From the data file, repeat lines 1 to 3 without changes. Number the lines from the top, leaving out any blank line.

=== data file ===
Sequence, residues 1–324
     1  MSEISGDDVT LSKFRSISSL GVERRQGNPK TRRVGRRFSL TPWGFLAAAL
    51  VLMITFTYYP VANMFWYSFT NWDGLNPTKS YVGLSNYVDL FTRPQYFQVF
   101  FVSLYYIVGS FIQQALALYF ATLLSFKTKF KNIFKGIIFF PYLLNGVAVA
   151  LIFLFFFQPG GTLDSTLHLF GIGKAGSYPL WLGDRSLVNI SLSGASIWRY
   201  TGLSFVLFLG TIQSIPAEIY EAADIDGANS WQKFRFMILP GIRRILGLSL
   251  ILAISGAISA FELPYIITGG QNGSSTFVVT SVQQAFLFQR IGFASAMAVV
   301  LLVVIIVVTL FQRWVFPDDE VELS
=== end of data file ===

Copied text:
Sequence, residues 1–324
     1  MSEISGDDVT LSKFRSISSL GVERRQGNPK TRRVGRRFSL TPWGFLAAAL
    51  VLMITFTYYP VANMFWYSFT NWDGLNPTKS YVGLSNYVDL FTRPQYFQVF